Last week when I reported that Representative Nekritz’ House committee was holding hearings on Republican proposals for a pension buyout, IEA Retired leadership sent out an email to members which dismissed as rumors the latest threats to our pensions.
They echoed the song I sing with the kindergarten and first grade kids in my uke class. Don’t worry. Be happy.
A few days ago, the IEA finally felt the need to comment on the latest pension attack. They emailed some local leaders: “Rest assured that if anything does ‘stick’ to the wall that has an impact on us, IEA will be there letting us know what is going on and how we can get involved.”
Apparently TRS Executive Director Richard Ingram – someone who is not usually too
outspoken rash about threats to the pension system – felt the need to testify before legislators on the buyout proposal.
In his view, if not the view of the IEA and IEA Retired, the proposals represent a real threat – not a rumor -and a benefit cut.
It must be stated that any buyout — whether it be full or partial, at retirement or before, rolled over into an IRA or used to purchase an annuity — is a reduction in the guaranteed benefit that the member may have earned up to the point of the buyout.
While the proposals may have a certain appeal to some, and potentially positive perceived benefits, we should study carefully as to whether we might expect any significant benefit from them.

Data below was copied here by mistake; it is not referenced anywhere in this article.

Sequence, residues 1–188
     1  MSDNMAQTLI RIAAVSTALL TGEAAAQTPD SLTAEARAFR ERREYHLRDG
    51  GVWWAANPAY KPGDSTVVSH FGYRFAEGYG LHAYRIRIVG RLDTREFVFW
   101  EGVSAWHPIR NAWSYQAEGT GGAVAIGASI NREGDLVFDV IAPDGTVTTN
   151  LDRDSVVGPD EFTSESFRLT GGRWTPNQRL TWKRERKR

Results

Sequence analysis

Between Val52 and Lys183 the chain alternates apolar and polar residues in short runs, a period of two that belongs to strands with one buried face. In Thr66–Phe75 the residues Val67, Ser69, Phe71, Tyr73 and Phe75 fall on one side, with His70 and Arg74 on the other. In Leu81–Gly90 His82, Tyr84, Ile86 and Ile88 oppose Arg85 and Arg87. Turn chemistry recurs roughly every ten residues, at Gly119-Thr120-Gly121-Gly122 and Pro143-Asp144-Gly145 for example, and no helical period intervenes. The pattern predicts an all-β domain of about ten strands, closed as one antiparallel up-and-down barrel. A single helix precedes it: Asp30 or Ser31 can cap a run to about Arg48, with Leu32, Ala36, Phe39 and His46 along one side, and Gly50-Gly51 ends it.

I can see few instances where prudent financial considerations would lead a member to take a reduction in a benefit that has been guaranteed by the Illinois Constitution and reaffirmed by the Supreme Court.
Such instances would be rare and likely due to unusual personal circumstances.
They will likely often reflect what is termed adverse selection.
An example would be a member who has a terminal illness and who can determine that the lump sum will provide a bigger payout than the monthly benefit.
Further, accepting a buyout would place the members’ assets subject to the well documented reality that individuals personally managing their retirement money in an IRA or defined contribution account do so with lower average annual investment returns and higher costs than when their assets are managed professionally in a pooled defined benefit plan that shares risks and rewards.
Some have pointed out that an individual account can be willed to your heirs when you die.
That is true but when that happens it means you have lost the longevity lottery and died early. I would also note that the survivor benefit available to a member of TRS allows them to provide for their beneficiary after they die.
While not exactly analogous to the passing on of an asset like the remaining balance of an IRA, it is a significant value when a member is planning for the financial security of their loved ones after they die. Others have stated that having control over their assets after a buyout would provide a member some financial flexibility.
True again, but this is flexibility that many if not most of our members would likely not need.
It would also subject the funds to the risk of being diverted to some non-retirement use.
Their TRS benefit is the core element of their retirement security.
They are teachers who have planned their retirement relying on a defined benefit that is designed to replace roughly 75 percent of their full-career, pre-retirement earnings.
This is exactly what most financial planners suggest is prudent.
While they may supplement their defined benefit with personal savings in some manner, they have not earned any Social Security benefits that provide a retirement safety net for most of their friends and neighbors.
They need the security of a regular monthly check that their TRS defined benefit delivers.